All in all, the advertising market held up quite well in 2002, according to figures released Monday by CMR/TNS Media Intelligence. Internet advertising, however, had another tough year overall.
According to the ad measurement firm, the advertising market grew 4.3 percent, finishing the year with $117.3 billion in spending. The positive results were a result of a robust upfront market for TV ads and the midterm elections and holiday spending.
“Despite geopolitical and economic uncertainties, the marketplace outperformed our expectations for the year,” said Steven Fredericks, CMR/TNS Media Intelligence’s chief executive.
The Internet, on the other hand, decreased for the third straight year, falling 12 percent to $5.7 billion. At that level, Internet spending was roughly equal to that of local radio and below B-to-B print magazine spending.
While the online ad industry suffered another bleak year in 2002, the sector saw some bright signs as the year wore on. The Interactive Advertising Bureau said the online advertising market began to grow again in the third quarter, and a variety of forecasters predict robust growth will return to the industry in 2003. CMR itself has forecast 7.4 percent growth in 2003.
Other positive signs have been the robust growth reports from newspaper publishers’ online arms, as well as solid results from companies like Yahoo and the meteoric rise of the paid-listings business.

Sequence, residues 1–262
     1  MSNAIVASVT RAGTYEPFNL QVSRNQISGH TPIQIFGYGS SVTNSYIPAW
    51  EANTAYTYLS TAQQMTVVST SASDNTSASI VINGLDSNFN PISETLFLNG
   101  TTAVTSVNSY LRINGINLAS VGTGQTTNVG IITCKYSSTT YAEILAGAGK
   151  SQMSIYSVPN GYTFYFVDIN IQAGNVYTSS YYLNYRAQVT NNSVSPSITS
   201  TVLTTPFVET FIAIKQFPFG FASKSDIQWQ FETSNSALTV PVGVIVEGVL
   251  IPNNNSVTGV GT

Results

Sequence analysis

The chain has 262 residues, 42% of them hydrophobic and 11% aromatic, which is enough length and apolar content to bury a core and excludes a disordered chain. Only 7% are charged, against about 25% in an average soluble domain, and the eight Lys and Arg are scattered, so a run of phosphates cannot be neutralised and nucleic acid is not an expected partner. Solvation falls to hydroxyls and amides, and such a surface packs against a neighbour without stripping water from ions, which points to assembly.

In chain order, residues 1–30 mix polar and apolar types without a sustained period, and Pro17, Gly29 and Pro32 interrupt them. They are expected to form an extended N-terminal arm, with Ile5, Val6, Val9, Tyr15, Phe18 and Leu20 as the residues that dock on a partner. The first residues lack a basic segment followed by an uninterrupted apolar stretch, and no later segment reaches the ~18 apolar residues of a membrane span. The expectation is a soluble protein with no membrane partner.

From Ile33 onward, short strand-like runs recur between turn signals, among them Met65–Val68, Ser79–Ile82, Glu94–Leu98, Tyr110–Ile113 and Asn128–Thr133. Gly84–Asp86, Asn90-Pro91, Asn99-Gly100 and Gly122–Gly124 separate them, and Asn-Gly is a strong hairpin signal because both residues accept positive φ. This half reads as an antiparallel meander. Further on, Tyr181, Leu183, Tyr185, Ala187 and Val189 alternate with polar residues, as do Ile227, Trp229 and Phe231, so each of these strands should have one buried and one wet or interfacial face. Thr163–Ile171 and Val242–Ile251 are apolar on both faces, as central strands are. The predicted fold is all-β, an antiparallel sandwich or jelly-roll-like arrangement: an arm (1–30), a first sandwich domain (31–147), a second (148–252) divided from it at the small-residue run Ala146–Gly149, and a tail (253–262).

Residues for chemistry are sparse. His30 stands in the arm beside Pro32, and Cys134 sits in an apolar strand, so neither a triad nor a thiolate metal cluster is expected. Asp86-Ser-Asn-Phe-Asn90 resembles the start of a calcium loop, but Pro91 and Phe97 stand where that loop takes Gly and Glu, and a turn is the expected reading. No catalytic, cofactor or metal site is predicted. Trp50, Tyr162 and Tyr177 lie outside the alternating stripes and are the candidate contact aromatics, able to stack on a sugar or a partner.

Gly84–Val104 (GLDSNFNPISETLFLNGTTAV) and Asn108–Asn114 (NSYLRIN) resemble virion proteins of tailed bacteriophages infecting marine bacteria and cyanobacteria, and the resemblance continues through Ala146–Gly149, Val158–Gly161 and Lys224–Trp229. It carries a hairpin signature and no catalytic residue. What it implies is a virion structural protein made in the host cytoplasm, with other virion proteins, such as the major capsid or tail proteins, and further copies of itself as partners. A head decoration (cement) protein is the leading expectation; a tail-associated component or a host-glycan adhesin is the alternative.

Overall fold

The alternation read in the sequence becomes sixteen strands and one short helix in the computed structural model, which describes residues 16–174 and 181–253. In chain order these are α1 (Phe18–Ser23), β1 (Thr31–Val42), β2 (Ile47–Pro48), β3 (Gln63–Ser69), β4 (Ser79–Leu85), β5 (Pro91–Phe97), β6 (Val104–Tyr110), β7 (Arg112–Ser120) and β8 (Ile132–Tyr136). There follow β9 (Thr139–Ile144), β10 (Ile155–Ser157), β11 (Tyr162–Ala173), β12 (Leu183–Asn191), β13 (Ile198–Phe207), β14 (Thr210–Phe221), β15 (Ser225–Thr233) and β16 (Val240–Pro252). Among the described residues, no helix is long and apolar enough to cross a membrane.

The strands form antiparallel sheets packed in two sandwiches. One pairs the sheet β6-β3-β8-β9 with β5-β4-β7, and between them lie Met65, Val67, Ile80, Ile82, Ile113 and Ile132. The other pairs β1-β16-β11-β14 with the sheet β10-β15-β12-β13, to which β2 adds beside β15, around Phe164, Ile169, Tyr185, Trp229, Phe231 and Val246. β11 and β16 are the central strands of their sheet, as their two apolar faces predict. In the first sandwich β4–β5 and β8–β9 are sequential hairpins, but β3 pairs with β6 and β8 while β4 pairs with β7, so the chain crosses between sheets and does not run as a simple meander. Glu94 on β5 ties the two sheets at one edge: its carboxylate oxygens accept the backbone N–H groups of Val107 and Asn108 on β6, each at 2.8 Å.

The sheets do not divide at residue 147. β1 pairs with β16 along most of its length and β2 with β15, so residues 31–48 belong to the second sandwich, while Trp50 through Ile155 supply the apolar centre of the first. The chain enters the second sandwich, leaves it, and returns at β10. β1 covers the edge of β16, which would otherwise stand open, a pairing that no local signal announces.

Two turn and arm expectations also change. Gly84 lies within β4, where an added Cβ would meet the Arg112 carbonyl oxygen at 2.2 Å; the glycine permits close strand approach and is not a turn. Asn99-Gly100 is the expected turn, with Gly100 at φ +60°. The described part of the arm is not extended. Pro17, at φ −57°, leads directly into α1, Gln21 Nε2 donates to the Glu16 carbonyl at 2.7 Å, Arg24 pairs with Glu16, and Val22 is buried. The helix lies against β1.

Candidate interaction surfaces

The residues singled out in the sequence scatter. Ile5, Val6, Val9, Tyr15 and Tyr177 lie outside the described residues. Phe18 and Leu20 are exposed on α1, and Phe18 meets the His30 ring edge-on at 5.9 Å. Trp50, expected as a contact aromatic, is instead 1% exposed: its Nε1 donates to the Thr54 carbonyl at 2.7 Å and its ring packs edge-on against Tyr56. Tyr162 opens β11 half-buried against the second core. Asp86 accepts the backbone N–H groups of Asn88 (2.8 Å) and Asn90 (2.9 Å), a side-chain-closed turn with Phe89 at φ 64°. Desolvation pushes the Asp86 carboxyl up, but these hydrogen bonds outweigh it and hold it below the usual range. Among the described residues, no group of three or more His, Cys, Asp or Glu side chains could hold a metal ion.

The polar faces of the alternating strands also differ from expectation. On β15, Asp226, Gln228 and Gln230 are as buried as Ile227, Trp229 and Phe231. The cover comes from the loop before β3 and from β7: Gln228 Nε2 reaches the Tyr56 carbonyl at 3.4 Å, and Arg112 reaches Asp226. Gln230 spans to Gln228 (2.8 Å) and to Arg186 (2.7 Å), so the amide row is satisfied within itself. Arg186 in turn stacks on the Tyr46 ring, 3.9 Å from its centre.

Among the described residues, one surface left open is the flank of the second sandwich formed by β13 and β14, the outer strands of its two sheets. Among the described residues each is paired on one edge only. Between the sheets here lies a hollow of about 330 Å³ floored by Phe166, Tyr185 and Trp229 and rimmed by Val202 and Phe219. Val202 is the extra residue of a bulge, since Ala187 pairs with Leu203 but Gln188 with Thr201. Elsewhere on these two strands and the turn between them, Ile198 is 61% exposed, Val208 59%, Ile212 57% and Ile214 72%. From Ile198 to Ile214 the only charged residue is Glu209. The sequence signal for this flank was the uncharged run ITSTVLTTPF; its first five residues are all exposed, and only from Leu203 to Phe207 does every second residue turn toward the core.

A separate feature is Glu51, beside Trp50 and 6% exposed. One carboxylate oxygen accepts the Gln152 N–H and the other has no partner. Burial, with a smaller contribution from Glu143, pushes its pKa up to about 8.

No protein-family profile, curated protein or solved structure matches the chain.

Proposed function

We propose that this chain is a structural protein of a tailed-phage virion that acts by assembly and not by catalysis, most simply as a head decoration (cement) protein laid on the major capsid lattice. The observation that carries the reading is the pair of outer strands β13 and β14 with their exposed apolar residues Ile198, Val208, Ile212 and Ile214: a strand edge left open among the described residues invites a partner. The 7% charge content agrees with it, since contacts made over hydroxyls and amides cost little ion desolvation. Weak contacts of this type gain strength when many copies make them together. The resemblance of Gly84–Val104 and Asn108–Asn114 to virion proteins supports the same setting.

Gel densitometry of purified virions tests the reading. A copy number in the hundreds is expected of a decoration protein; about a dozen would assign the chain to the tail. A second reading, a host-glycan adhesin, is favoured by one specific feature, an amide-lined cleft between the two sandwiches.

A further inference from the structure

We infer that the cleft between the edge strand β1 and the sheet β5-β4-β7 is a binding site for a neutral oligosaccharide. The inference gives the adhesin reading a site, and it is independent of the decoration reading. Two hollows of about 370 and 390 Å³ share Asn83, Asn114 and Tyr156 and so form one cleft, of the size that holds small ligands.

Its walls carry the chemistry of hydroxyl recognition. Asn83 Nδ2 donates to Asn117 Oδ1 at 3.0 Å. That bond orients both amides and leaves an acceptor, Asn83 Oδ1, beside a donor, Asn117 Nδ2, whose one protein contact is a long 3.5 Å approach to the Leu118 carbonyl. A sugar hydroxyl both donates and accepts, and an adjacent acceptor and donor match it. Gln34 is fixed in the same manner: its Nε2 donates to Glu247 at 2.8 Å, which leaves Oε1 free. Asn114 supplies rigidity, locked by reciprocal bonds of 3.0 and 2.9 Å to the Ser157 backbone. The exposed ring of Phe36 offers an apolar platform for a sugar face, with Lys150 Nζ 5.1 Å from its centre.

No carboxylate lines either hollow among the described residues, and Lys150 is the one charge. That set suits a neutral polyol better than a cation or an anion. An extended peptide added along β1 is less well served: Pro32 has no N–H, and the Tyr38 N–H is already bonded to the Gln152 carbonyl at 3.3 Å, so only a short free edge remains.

Like all advertising compilations and forecasts, CMR’s numbers are somewhat skewed by the advertising meltdown at AOL, where ad revenues declined by $372 million in 2002. That alone would represent nearly half of the $778 million decline CMR measured.
Spot TV led the ad market’s growth, rising 14 percent to $16.4 billion. Network TV grew 7 percent to top $20 billion. Also, local newspapers were also up, with spending rising 9 percent.
Advertisers showed increasing interest in Hispanics, which as a group surpassed blacks at the largest minority group in the country. CMR gauged Spanish-language network TV spending increasing by 20 percent to $1.9 billion.
Local advertising outperformed national, growing 11 percent to $42 billion, while national advertising rose slightly to $75.3 billion.
The strength of local advertising was led by strong spending in such categories as automotive, which pushed zero-percent financing deals all year, as well as telecommunications and restaurants.
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